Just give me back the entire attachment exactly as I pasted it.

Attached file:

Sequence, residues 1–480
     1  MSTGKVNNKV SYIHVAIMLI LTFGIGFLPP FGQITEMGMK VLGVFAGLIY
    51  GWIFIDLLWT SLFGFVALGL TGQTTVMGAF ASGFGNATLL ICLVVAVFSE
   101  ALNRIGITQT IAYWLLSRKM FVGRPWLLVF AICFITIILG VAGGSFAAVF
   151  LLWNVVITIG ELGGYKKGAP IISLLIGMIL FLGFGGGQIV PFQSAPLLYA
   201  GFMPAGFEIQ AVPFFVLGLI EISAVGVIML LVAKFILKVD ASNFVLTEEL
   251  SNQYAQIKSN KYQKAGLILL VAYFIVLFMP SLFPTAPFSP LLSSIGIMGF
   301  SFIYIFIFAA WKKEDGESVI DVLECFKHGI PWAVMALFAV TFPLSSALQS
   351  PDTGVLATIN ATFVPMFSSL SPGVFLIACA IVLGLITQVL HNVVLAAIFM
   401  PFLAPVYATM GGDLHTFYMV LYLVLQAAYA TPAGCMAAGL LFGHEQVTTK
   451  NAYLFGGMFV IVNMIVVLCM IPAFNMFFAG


Sequence, residues 1–480
     1  MSTGKVNNKV SYIHVAIMLI LTFGIGFLPP FGQITEMGMK VLGVFAGLIY
    51  GWIFIDLLWT SLFGFVALGL TGQTTVMGAF ASGFGNATLL ICLVVAVFSE
   101  ALNRIGITQT IAYWLLSRKM FVGRPWLLVF AICFITIILG VAGGSFAAVF
   151  LLWNVVITIG ELGGYKKGAP IISLLIGMIL FLGFGGGQIV PFQSAPLLYA
   201  GFMPAGFEIQ AVPFFVLGLI EISAVGVIML LVAKFILKVD ASNFVLTEEL
   251  SNQYAQIKSN KYQKAGLILL VAYFIVLFMP SLFPTAPFSP LLSSIGIMGF
   301  SFIYIFIFAA WKKEDGESVI DVLECFKHGI PWAVMALFAV TFPLSSALQS
   351  PDTGVLATIN ATFVPMFSSL SPGVFLIACA IVLGLITQVL HNVVLAAIFM
   401  PFLAPVYATM GGDLHTFYMV LYLVLQAAYA TPAGCMAAGL LFGHEQVTTK
   451  NAYLFGGMFV IVNMIVVLCM IPAFNMFFAG